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The nation’s seven biggest life insurers reported dismal business results Friday with all of them logging a fall in outstanding contracts for individuals in fiscal 1999.

The amount of outstanding contracts — insurance and annuity benefits promised to individuals — has been on the decline for years.

Industry officials attribute the dismal performance to the lingering recession as well as to still-rampant policy cancellations, caused in part by a series of collapses seen in the industry in recent years.

The amount of outstanding contracts — a main line of business — for the nation’s biggest insurer, Nippon Life Insurance Co., stood at 326.337 trillion yen for the business year that ended March 31, down 3.3 percent from the year before.

Runnerup Dai-ichi Mutual Life Insurance Co. logged 232.184 trillion yen in outstanding contracts for fiscal 1999, down 2.8 percent.

The rest also reported a decline, ranging from Sumitomo Life Insurance Co.’s 2.4 percent fall to Meiji Life Insurance Co.’s 5.5 percent reduction.

On the bright side, the amount of new individual insurance and annuity contracts, which had also seen years of decline, recovered for some companies. Contributing to the increase was the introduction of new products by many major life insurers in the past few years featuring discounts and increased benefits.

Sumitomo Life officials said the new contracts rose 7.8 percent to 21.782 trillion yen — the first rise in four years. Yasuda Mutual also reported an increase of 2.4 percent in its amount of new individual contracts — the first rise in six years. Nippon Life logged the biggest rise among the seven, with its new individual contracts rising 10.9 percent to 26.675 trillion yen.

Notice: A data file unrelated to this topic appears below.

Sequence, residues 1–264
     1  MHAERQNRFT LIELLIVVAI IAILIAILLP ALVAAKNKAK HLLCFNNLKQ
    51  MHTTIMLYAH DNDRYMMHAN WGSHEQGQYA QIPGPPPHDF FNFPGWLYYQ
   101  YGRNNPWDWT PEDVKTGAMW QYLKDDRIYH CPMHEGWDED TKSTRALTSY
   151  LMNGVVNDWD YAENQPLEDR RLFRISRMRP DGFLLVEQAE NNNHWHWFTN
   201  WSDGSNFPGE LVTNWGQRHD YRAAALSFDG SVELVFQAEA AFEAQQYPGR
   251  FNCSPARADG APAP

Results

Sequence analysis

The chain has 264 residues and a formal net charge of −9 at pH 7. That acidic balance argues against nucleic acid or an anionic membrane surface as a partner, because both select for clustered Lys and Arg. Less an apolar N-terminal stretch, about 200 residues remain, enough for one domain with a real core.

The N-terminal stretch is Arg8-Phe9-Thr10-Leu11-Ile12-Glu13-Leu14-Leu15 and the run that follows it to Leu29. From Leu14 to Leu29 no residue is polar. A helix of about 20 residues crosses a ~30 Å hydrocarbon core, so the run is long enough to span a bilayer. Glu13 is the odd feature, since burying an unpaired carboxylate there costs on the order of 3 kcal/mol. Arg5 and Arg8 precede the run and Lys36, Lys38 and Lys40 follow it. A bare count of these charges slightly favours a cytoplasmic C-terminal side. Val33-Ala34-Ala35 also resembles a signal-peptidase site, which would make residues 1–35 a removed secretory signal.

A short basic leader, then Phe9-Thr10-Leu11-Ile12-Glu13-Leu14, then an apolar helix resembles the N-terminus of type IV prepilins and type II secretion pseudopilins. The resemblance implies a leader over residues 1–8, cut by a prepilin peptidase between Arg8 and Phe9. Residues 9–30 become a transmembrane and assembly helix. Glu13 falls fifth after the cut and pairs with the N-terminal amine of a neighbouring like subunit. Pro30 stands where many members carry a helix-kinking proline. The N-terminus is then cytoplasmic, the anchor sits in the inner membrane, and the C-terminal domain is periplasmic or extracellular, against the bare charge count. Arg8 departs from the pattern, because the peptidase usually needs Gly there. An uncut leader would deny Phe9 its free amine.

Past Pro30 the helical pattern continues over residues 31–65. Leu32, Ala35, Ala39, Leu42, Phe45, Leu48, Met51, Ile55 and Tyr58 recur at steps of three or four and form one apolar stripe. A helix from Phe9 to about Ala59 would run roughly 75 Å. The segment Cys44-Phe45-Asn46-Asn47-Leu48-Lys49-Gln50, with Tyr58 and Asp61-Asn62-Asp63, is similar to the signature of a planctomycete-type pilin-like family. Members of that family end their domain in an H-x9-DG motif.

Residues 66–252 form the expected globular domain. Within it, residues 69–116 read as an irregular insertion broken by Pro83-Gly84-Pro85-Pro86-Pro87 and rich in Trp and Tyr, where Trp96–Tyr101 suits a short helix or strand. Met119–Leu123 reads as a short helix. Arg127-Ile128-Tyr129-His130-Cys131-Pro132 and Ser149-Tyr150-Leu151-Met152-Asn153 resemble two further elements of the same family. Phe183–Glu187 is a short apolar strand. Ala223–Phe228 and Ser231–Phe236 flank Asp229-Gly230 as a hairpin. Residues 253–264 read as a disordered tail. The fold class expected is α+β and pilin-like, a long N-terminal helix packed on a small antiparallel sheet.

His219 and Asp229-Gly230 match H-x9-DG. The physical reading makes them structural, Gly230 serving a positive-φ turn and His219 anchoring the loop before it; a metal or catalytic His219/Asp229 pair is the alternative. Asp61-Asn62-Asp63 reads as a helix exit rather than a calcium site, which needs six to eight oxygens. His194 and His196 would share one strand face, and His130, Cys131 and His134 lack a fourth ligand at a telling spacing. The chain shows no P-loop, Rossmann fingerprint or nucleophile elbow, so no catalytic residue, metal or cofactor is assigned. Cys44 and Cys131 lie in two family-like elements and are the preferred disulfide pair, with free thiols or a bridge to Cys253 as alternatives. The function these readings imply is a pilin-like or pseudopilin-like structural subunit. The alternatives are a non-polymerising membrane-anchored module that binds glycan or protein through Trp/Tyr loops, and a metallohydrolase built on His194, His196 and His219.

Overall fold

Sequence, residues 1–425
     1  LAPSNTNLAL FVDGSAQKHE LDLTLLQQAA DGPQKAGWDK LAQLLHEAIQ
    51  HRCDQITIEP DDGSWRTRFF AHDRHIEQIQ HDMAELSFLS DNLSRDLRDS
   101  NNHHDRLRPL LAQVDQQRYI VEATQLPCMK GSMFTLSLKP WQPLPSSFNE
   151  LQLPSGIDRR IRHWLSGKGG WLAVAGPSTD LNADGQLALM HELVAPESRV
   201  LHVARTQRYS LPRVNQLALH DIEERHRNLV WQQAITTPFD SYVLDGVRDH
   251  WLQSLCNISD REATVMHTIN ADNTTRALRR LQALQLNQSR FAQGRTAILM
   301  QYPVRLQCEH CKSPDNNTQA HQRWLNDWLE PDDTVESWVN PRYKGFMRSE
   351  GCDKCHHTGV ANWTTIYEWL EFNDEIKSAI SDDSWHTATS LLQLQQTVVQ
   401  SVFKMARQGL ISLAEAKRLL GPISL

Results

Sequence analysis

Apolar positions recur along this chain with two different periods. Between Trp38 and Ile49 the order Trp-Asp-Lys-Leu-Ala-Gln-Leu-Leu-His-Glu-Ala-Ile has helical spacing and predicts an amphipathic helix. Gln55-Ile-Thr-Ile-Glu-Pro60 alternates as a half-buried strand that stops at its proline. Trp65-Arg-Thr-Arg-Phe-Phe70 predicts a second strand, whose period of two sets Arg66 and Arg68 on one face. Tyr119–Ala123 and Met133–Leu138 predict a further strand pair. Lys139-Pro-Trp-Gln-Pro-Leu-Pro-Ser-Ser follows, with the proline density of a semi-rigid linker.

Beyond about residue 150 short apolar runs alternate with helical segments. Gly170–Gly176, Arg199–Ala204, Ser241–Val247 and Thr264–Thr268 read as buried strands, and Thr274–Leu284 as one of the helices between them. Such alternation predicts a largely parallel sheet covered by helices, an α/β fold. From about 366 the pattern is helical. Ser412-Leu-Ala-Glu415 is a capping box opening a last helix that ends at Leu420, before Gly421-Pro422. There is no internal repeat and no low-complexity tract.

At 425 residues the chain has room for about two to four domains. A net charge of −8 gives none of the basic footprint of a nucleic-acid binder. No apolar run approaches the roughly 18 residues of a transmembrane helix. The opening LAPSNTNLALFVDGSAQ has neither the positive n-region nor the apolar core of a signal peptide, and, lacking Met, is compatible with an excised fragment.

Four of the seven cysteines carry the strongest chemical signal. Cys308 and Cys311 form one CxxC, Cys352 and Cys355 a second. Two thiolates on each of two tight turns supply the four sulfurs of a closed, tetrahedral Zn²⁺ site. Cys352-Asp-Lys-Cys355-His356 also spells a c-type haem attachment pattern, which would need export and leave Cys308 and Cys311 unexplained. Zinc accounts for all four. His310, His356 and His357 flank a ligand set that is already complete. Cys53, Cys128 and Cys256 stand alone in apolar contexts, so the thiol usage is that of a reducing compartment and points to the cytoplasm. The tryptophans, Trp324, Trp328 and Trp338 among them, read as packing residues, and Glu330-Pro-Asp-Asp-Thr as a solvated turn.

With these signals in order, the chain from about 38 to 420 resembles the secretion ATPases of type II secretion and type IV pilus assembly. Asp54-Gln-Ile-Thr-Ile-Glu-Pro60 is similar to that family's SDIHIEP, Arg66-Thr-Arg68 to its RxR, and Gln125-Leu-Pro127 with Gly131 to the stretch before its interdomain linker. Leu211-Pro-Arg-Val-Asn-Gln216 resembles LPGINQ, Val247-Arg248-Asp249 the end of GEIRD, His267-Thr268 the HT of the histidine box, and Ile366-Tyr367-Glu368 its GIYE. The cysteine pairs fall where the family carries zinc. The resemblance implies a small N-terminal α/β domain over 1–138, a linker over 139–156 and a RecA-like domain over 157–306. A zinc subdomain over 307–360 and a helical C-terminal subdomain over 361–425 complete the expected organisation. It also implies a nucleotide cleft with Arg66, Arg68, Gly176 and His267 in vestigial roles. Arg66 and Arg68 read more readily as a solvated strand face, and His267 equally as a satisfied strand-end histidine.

While Meiji Life Insurance Co. suffered a 17.2 percent drop in the amount of new individual contracts — the steepest decline among major life insurers — the officials explained that the figure is due to a change in their marketing strategy.

The firm said it is responding to the demands of some policyholders who wish to switch to policies with more medical benefits even if the amount payable at death is decreased, the officials said. Such medical benefits are not reflected in the amount of contracts, they added.

The latest business results also show that the negative spreads — between high yields promised to policyholders and low investment returns — is still weighing heavily on insurers.

The amount of these burdens ranged from 80 billion yen for Yasuda Mutual to 390 billion yen for Nippon Life. The companies told reporters they expect the amount to change little at the end of the current fiscal year.

The solvency margin ratio — a key indicator of the financial health of insurers — rose for all, helped by an increase in unrealized gains on their stock holdings. Some also sought outside funds such as loans to further improve their financial standing.

The ratios were more than 600 percent for all of the seven, well over the 200 percent that the nation’s insurers are expected to secure.